Cheat Sheet

Marathon Training For Dummies Cheat Sheet

Training for a marathon takes diligence, commitment, endurance — and math skills! If you want to compete in marathons, you need to be able to interpret posted running times, figure out how fast your pace is, and determine the length of the races you want to run. And that’s on top of counting reps during circuit training!

Interpreting Running Times for Marathon Training

When you’re training for a marathon, time takes on a whole new dimension — and vocabulary. From mile splits (the time you run for each mile of a marathon) to finish times (your overall time for a race) to the speed displayed on your treadmill, marathoners are faced with all sorts of numbers. Read on to see what they mean.

Reading around the colons

When you see 4:02:27, 8:31, or :80, what does it all mean?

  • Any number with two colons is giving you hours, then minutes, then seconds. So 4:02:27 means 4 hours, 2 minutes, and 27 seconds.

  • When you see one colon, the time is in minutes and seconds. So 8:31 means 8 minutes and 31 seconds.

  • Times that are over — but close to — a minute or an hour may be converted to hours or minutes or may not. So you may see 80 seconds as :80 or as 1:20 (1 minute, 20 seconds). If you run a 10K in 65:00 (65 minutes), it may also be written as 1:05:00 (1 hour, 5 minutes).

Figuring your average time

To calculate minutes per mile when you’re running one of your measured road routes, use a calculator and do the following:

  1. Round your seconds to minutes and your hours to minutes, too.

    For example, 36:33 (36 minutes and 33 seconds) becomes 37 minutes, and 1:10:24 — that’s 1 hour, 10 minutes, and 24 seconds — becomes 70 minutes.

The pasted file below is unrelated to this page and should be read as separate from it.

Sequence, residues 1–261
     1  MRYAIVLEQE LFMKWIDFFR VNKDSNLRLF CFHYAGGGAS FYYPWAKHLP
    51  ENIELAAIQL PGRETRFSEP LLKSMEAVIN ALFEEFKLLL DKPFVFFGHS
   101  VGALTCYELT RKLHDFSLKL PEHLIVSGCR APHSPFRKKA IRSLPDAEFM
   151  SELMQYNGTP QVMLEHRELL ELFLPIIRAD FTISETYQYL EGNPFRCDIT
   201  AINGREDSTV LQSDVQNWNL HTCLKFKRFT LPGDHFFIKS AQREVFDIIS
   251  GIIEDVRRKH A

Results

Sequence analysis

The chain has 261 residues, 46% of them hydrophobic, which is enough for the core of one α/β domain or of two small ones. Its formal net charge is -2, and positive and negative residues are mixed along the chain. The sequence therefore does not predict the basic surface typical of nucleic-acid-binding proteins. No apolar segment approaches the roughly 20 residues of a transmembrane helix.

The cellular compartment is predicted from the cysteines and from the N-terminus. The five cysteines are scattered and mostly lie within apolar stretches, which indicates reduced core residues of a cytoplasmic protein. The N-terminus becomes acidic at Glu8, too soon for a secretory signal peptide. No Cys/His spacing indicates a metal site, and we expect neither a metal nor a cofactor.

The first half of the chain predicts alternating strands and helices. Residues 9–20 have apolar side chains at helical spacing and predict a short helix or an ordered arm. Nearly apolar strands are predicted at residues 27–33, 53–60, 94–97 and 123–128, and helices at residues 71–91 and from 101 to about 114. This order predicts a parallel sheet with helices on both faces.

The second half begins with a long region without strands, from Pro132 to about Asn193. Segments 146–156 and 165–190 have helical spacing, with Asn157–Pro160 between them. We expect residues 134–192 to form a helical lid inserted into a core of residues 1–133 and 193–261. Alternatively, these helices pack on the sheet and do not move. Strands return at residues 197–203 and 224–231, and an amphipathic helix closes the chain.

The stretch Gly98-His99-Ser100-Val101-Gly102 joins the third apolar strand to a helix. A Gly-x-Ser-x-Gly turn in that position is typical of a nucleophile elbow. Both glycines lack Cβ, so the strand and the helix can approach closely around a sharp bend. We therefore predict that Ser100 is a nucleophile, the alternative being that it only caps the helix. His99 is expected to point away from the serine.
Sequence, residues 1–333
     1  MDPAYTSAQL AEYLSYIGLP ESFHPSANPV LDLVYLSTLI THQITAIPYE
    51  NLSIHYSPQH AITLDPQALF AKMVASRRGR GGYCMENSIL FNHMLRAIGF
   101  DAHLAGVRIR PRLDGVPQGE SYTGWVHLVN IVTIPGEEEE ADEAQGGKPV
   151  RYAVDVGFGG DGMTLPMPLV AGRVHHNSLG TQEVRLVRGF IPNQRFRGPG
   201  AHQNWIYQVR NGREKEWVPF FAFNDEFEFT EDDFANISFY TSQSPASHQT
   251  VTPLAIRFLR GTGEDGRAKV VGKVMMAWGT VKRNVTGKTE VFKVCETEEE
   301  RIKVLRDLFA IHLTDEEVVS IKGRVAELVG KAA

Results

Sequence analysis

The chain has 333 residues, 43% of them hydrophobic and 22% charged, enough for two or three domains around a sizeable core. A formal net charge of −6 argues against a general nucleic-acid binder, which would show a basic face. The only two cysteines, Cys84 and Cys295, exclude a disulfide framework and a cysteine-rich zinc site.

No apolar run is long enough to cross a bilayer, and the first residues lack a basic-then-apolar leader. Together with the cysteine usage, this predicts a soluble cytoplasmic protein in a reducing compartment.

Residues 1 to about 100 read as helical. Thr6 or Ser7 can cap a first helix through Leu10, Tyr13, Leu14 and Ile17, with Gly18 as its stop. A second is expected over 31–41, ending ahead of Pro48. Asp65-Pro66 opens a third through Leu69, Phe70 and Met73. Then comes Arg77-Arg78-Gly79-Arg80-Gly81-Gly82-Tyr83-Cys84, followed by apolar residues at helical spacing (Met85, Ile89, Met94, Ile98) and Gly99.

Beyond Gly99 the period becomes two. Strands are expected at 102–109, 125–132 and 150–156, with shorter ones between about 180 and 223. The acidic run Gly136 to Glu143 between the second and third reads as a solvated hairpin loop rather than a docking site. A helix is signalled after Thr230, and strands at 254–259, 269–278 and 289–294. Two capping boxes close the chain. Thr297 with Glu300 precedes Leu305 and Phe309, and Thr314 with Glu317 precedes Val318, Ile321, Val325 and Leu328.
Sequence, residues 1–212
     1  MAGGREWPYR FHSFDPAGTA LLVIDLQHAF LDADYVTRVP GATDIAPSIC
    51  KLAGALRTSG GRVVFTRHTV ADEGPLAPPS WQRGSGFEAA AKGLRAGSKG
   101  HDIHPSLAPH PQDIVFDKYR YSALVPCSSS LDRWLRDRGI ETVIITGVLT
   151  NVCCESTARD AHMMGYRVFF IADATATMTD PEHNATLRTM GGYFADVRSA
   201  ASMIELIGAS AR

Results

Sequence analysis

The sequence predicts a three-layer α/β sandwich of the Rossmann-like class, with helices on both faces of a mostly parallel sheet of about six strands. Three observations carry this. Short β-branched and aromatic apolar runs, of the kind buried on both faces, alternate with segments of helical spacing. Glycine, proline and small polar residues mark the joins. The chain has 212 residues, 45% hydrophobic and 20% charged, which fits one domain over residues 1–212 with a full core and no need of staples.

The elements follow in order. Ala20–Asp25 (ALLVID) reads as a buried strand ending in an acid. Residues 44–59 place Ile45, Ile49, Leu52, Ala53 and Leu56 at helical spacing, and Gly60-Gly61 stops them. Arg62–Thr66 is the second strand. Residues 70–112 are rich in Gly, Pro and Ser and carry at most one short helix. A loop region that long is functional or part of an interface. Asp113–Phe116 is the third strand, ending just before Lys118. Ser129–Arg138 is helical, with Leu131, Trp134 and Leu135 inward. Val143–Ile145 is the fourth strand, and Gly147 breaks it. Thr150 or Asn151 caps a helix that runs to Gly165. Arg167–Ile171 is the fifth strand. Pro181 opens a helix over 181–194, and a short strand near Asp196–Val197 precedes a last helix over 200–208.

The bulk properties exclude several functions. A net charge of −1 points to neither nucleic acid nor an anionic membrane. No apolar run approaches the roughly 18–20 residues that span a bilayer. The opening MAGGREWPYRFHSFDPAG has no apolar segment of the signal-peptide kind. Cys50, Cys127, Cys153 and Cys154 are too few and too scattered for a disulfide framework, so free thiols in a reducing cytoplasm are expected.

2. Divide the minutes by the number of miles.

  3. Subtract the minutes, so that you’re left with just the decimal that represents the number of seconds. Then multiply that decimal by 60.

    For example, if after you divide your minutes by miles, you’re left with 9.27, subtract 9 and multiply .27 by 60 to get 16.2 and round it down to 16.

  4. Put the number of seconds back with the minutes, and you have your pace.

    Using the previous example, you end up with 9 minutes + 16 seconds = 9:16 minutes per mile

Translating Marathon and Other Race Lengths

Training for a marathon means training to run 26.2 miles. You may want to run other races, as well, many of which measured in kilometers. Read on to see what all those lengths mean in miles and kilometers:

  • *Marathon: 26.2 miles

  • *30K: 18.6 miles

  • *25K: 15.5 miles

  • *Half-marathon: 13.1 miles

  • *20K: 12.4 miles

  • *15K: 9.3 miles

  • *10K (or 10,000 meters): 6.2 miles

  • *5K (or 5,000 meters): 3.1 miles

  • *1,600 meters: 1 mile (4 times around a track)

  • *1,500 meters: .93 miles (3 3/4 times around a track)

  • *800 meters: 1/2 mile (2 times around a track)

  • *400 meters: 1/4 mile (1 time around a track)

  • *200 meters: 1/8 mile (1/2 time around a track)

Converting Miles per Hour to Minutes per Mile

If you use a treadmill as part of your marathon training, you may need a formula to convert miles per hour to minutes per mile. Follow these steps to see how:

  1. Divide 60 by whatever miles per hour the treadmill displays.

    For example, if the treadmill says you’re running 7.1 miles per hour, divide 60 by 7.1, and you get 8.45 (almost 9 minutes).

  2. Subtract the minutes so that you’re left with just the decimal that represents the number of seconds, and then multiply that decimal amount by 60.

    Subtract 8 and multiply .45 by 60 to get 27.

  3. Add that number back to the minutes, and you have your pace.

    8 minutes + 27 seconds = 8:27 minutes per mile.